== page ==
curl --location --request POST 'https://bazco.company/setOwnIDDataByLoginId/' \
--header 'Content-Type: application/json' \
--data-raw '{
  "loginId": "sol@testmail.com",
  "ownIdData":"<String>"
}'

1. Create Database Field

Create a field to store revelant information related to OwnID authentication. Name it ownIdData.

If you have a relational database (RDBMS), be sure the field meets the following requirements:

  • A character datatype e.g., VARCHAR
  • A minimum length of 5000 chars

2. Create Three Endpoints

OwnID requires your endpoints to conform to the following specifications. These endpoints must share a common base URL that is unique.

Set OwnID data

When the user enrolls a new device, the OwnID server sends a POST /setOwnIDDataByLoginId request to store authentication data in your database. As an example, when a website’s backend receives the following request it must associate the user identified by sol@testmail.com with the provided OwnID authentication data.

Request Parameters

When the OwnID server sends a POST /setOwnIDDataByLoginId request, it encodes parameters as JSON with a Content-Type of application/json. The following parameters must be supported:

ParameterTypeIs required?Description
loginIdstringTrueThe unique identifier of a user in the database, usually email or phone.
ownIdDatastringTrueThe OwnID authentication data object.

Expected Response

If the website’s backend successfully receives and processes the POST /setOwnIDDataByLoginId request, it should return a 204 HTTP status code with an empty response body.

{ }

Code Example

@PostMapping("/setOwnIDDataByLoginId")
public ResponseEntity <Object> setOwnIdDataByLoginId(@RequestBody OwnIDData req) {
    User user = userRepository.findByLoginId(req.getLoginId());
    user.setOwnIdData(data);
    userRepository.save(user);

    return ResponseEntity.status(HttpStatus.NO_CONTENT).body(null);
}

Get OwnID data

OwnID sends a POST /getOwnIDDataByLoginId request to retrieve OwnID authentication data about a user. The request finds the user within the identify platform based on the user’s loginId, which is usually the user’s email or phone number.

Sample Request
curl --location --request POST 'https://bazco.company/getOwnIDDataByLoginId' \
--header 'Content-Type: application/json' \
--data-raw '{"loginId":"sol@testmail.com"}' 

Body Parameters

loginId
string
required

The unique identifier of a user in the database, usually email or phone.

Response

ownIdData
string

The ownIdData retrieved from your database.

If the user exists but doesn’t have the ownIdData object (this is the use case of an existing user going passwordless for the first time), we expect a response with an empty ownIdData:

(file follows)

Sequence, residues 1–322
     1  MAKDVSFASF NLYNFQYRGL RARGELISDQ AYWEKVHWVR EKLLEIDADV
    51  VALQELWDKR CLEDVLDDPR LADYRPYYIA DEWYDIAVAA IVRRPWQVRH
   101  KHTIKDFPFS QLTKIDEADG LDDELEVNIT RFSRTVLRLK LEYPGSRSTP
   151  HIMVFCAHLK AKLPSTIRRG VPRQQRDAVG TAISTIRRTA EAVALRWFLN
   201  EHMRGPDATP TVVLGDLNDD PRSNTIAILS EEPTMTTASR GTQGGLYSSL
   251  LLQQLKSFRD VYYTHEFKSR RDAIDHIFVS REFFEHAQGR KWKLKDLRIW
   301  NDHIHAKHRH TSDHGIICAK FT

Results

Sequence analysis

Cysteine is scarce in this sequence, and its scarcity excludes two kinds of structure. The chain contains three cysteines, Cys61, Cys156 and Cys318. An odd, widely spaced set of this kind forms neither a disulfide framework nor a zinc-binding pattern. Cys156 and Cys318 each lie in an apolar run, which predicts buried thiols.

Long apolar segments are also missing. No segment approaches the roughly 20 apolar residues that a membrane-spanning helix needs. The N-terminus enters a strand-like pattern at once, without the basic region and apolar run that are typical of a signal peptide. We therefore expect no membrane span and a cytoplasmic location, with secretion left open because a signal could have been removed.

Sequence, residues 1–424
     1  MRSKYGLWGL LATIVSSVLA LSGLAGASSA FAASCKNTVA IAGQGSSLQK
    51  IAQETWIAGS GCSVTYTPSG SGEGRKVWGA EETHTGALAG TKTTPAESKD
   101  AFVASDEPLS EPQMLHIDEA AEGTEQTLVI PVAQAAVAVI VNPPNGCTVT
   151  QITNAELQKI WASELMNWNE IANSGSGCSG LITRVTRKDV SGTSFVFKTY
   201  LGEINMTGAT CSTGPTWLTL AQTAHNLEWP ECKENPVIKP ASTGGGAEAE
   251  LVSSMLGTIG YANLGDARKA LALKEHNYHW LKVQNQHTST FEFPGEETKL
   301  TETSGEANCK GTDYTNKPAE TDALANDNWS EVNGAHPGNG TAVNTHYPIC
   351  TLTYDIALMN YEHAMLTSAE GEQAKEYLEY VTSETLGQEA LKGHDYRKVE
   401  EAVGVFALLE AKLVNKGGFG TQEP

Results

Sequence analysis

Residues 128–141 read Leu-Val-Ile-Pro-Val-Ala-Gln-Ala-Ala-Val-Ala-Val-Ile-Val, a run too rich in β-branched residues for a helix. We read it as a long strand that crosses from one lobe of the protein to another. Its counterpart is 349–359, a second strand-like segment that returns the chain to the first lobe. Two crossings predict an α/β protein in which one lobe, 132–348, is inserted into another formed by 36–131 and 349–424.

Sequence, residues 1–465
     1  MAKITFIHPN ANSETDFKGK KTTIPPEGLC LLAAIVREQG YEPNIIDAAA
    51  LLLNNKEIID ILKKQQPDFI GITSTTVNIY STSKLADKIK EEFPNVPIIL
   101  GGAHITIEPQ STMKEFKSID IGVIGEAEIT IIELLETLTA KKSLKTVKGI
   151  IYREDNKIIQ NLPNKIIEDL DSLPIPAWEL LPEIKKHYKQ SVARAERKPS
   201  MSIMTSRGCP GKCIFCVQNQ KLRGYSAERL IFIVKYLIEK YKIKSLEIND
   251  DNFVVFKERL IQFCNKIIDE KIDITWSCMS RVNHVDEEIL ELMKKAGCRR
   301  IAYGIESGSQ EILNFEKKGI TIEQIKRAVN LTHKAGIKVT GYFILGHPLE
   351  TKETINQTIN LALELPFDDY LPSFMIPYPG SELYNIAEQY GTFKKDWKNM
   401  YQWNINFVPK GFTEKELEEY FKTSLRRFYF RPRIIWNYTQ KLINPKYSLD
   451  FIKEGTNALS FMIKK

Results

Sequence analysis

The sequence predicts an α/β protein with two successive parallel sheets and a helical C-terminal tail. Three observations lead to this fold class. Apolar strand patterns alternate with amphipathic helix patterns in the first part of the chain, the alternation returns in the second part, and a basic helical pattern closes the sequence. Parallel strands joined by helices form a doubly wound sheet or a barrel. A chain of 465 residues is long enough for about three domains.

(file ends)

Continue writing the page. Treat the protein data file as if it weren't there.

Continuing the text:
User exists in your database but doesn't have ownIdData
{
  "ownIdData": ""
}

When the user (loginID) doesn’t exist in your database, you must return a standard HTTP code with the following response body:

User doesn't exist in your database
{
  "errorCode": 404,
  "errorMessage": "User not found"
}

Code Example

/getOwnIDDataByLoginId
@PostMapping("/getOwnIDDataByLoginId")
public ResponseEntity<Object> getOwnIdDataByLoginId(@RequestBody OwnIDSearchRequest req) {
    User user = userRepository.findByLoginId(req.getLoginId());

    if (user == null) {
        return ResponseEntity.status(HttpStatus.OK).
            body(new OwnIdErrorResponse(HttpStatus.NOT_FOUND, "User not found"));
    }

    return ResponseEntity.status(HttpStatus.OK).body(new OwnIDDataResponse(user.getOwnIdData()));
}

Get session

The OwnID servers sends a POST /getSessionByLoginId request after the user has successfully logged in with OwnID. The backend receiving the request is expected to return a JSON object that will be used to authenticate the user on the client side. Often times, the backend returns a JWT for this purpose, but it can also be an arbitrary JSON string. Once it receives the JSON object, the OwnID server passes it to the client-side app using a JavaScript event.

curl --location --request POST 'https://bazco.company/getSessionByLoginId' \
--header 'Content-Type: application/json' \
--data-raw '{
   "loginId":"sol@testmail.com",
   "sessionType":"browser",
}'

Request Parameters

When the OwnID server sends a POST /getSessionByLoginId request, it encodes parameters as JSON with a Content-Type of application/json. The following parameters must be supported:

ParameterTypeIs required?Description
loginIdstringTrueThe unique identifier of a user in the database, usually email or phone.
sessionTypestringFalseSession type, browser or mobile.

Expected Response

When the OwnID makes a POST /getSessionByLoginId request, it expects to receive back a response with the following structure, where token is a JSON object, often a JWT:

{
  "token":"eyJhbGciOiJIUzI1NiIsInR5cCI6IkpXVCJ9.eyJzdWIiOiIxMjM0NTY3ODkwIiwibmFtZSI6IkpvaG4gRG9lIiwiaWF0IjoxNTE2MjM5MDIyfQ.SflKxwRJSMeKKF2QT4fwpMeJf36POk6yJV_adQssw5c"
}

Code Example

@PostMapping("/getSessionByLoginId")
public ResponseEntity<OwnIDSessionResponse> getSessionByLoginId(@RequestBody OwnIDSearchRequest req) {
    User user = userRepository.findByLoginId(req.getLoginId());
    Algorithm alg = Algorithm.HMAC256("secret");
    String token = JWT.create().
        withClaim("loginId", req.getLoginId()).
        sign(alg);

    return ResponseEntity.status(HttpStatus.OK).body(new OwnIDSessionResponse(token));
}

Congratulations! You have finished tha backend part of the integration.

3. Add OwnID to your login and registration forms

Choose the frontend technology used on your website:

Was this page helpful?